Their ascent was branded as “Beatlemania”, a phenomenon of mass hysteria launched in 1963 that marked the height of the “teen idol” of the late 1950s, an extension of the myths of Frank Sinatra and Elvis Presley. From that moment on, no matter what they put together, the Beatles remained the center of the media’s attention.
Musically, for what it is worth, the Beatles were the product of an era that had been prepared by vocal groups such as the Everly Brothers and by rockers such as Buddy Holly; an era that also expressed itself through the girl-groups, the Tamla bands and surf music. What the Beatles have in common with them, aside from almost identical melodies, is a general concept of song based on an exuberant, optimistic and cadenced melody.
The Beatles were the quintessence of instrumental mediocrity. George Harrison was a pathetic guitarist, compared with the London guitarists of those days (Townshend of the Who, Richards of the Rolling Stones, Davies of the Kinks, Clapton, Beck and Page of the Yardbirds, and many others who were less famous but more original). The Beatles had completely missed the revolution of rock music (founded on a prominent use of the guitar) and were still trapped in the stereotypes of the easy-listening orchestras. Paul McCartney was a singer from the 1950s, who could not have possibly sounded more conventional. As a bassist, he was not worth the last of the rhythm and blues bassists (even though within the world of Merseybeat his style was indeed revolutionary). Ringo Starr played drums the way any kid of that time played it in his garage (even though he may ultimately be the only one of the four who had a bit of technical competence). Overall, the technique of the “Fab Four” was the same as that of many other easy-listening groups: sub-standard.
Theirs were records of traditional songs crafted as they had been crafted for centuries, yet they served an immense audience, far greater than the audience of those who wanted to change the world, the hippies, freaks and protesters. Their fans ignored or abhorred the many rockers of the time who were experimenting with the suite format, who were composing long free-form tracks, who were using dissonance, who were radically changing the concept of the musical piece. The Beatles’ fans thought, and some still think, that using trumpets in a rock song was a revolutionary event, that using background noises (although barely noticeable) was an even more revolutionary event, and that only great musical geniuses could vary so many styles in one album, precisely what many rock musicians were doing all over the world, employing much more sophisticated stylistic excursions.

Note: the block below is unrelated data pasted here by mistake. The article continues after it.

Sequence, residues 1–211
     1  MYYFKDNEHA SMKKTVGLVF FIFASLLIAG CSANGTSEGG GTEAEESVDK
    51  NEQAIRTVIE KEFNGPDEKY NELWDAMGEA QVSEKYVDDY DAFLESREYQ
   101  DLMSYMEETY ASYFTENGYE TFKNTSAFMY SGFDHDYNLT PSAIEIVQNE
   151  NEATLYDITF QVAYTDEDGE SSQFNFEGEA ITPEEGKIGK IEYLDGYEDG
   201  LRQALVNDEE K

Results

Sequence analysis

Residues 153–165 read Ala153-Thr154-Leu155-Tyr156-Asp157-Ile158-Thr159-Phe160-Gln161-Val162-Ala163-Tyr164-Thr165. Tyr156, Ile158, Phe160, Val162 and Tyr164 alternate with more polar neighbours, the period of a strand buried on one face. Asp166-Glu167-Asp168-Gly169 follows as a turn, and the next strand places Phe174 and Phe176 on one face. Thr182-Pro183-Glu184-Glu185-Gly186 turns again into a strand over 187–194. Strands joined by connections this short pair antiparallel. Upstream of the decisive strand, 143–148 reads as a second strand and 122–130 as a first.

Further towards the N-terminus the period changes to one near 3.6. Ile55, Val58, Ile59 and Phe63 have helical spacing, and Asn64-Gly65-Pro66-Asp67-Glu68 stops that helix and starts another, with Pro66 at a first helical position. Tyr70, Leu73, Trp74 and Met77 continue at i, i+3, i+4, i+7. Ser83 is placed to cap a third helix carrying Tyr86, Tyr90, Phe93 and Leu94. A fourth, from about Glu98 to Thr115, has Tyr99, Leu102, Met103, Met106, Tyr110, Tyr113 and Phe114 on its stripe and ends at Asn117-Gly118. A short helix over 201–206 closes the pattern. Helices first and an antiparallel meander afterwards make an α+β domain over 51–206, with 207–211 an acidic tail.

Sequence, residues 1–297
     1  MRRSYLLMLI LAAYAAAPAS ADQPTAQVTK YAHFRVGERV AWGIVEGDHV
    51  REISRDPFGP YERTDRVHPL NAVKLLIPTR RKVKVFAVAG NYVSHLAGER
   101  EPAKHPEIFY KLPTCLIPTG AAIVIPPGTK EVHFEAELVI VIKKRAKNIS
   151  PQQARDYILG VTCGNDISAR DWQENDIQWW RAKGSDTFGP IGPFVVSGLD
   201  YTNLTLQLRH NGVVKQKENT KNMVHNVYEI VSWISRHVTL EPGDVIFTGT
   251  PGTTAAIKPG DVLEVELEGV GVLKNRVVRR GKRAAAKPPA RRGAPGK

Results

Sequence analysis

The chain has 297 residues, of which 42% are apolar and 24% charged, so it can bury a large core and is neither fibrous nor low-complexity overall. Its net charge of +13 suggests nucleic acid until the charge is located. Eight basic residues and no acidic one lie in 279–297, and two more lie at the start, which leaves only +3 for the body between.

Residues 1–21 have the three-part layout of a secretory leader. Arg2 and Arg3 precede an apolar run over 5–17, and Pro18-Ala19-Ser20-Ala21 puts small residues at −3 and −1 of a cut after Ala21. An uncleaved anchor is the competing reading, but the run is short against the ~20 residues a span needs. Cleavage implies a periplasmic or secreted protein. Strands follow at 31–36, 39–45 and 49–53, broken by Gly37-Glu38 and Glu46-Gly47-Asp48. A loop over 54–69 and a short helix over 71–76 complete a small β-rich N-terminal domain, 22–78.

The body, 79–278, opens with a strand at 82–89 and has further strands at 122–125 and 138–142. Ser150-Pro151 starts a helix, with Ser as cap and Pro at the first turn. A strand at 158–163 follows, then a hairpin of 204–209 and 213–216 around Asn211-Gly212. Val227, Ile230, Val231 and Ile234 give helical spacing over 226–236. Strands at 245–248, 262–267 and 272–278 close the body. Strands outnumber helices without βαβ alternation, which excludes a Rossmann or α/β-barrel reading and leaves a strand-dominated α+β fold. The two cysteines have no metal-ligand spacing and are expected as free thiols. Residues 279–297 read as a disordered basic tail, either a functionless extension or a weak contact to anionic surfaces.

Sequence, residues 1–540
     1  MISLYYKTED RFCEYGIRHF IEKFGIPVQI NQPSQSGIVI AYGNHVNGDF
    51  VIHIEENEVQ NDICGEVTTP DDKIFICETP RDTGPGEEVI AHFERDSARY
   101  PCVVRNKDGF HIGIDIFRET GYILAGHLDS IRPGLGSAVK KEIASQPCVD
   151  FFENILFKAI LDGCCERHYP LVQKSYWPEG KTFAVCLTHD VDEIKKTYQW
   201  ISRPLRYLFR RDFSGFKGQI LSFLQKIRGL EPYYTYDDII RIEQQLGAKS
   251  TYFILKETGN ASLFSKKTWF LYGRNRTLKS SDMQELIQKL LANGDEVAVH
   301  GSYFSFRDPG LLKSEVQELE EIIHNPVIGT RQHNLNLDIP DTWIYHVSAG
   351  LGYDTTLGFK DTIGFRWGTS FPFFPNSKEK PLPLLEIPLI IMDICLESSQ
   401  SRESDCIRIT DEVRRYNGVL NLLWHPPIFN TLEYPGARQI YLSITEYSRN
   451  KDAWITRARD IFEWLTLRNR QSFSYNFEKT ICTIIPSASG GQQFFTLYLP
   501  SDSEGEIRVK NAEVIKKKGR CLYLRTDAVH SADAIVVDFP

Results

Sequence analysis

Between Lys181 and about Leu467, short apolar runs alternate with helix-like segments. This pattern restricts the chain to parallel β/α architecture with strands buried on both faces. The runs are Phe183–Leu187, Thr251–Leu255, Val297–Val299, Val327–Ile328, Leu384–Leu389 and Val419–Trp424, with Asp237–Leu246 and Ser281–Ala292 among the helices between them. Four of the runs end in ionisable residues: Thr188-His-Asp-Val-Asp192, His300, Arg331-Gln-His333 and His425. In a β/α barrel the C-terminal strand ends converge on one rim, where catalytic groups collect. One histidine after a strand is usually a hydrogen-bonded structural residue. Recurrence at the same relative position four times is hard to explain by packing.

While the Velvet Underground, Frank Zappa, the Doors, Pink Floyd and many others were composing long and daring suites worthy of avantgarde music, thus elevating rock music to art, the Beatles continued to yield three-minute songs built around a chorus. Beatlemania and its myth notwithstanding, Beatles fans went crazy for twenty seconds of trumpet, while the Velvet Underground were composing suites of chaos twenty minutes long. Actually, between noise and a trumpet, between twenty seconds and twenty minutes, there was an artistic difference of several degrees of magnitude. They were, musically, sociologically, politically, artistically, and ideologically, on different planets.
Beatlemania created a comical temporal distortion. Many Beatles fans were convinced that rock and roll was born around the early 1960s, that psychedelic rock and the hippies were a 1967 phenomenon, that student protests began in 1969, that peace marches erupted at the end of the 60s, and so on. Beatles fans believed that the Beatles were first in everything, while in reality they were last in almost everything. The case of the Beatles is a textbook example of how myths can distort history.
The Beatles had the historical function to delay the impact of the innovations of the 1960s . Between 1966 and 1969, while suites, jams, and long free form tracks (which the Beatles also tried but only toward the end of their career) became the fashion, while the world was full of guitarists, bassist, singers and drummers who played solos and experimented with counterpoint, the Beatles limited themselves to keeping the tempo and following the melody. Their historical function was also to prepare the more conservative audience for those innovations. Their strength was perhaps in being the epitome of mediocrity, never a flash of genius, never a revolutionary thought, never a step away from what was standard, accepting innovations only after they had been by the establishment. And maybe it was that chronic mediocrity that made their fortune: whereas other bands tried to surpass their audiences, to keep two steps ahead of the myopia of their fans, traveling the hard and rocky road, the Beatles took their fans by the hand and walked them along a straight path devoid of curves and slopes.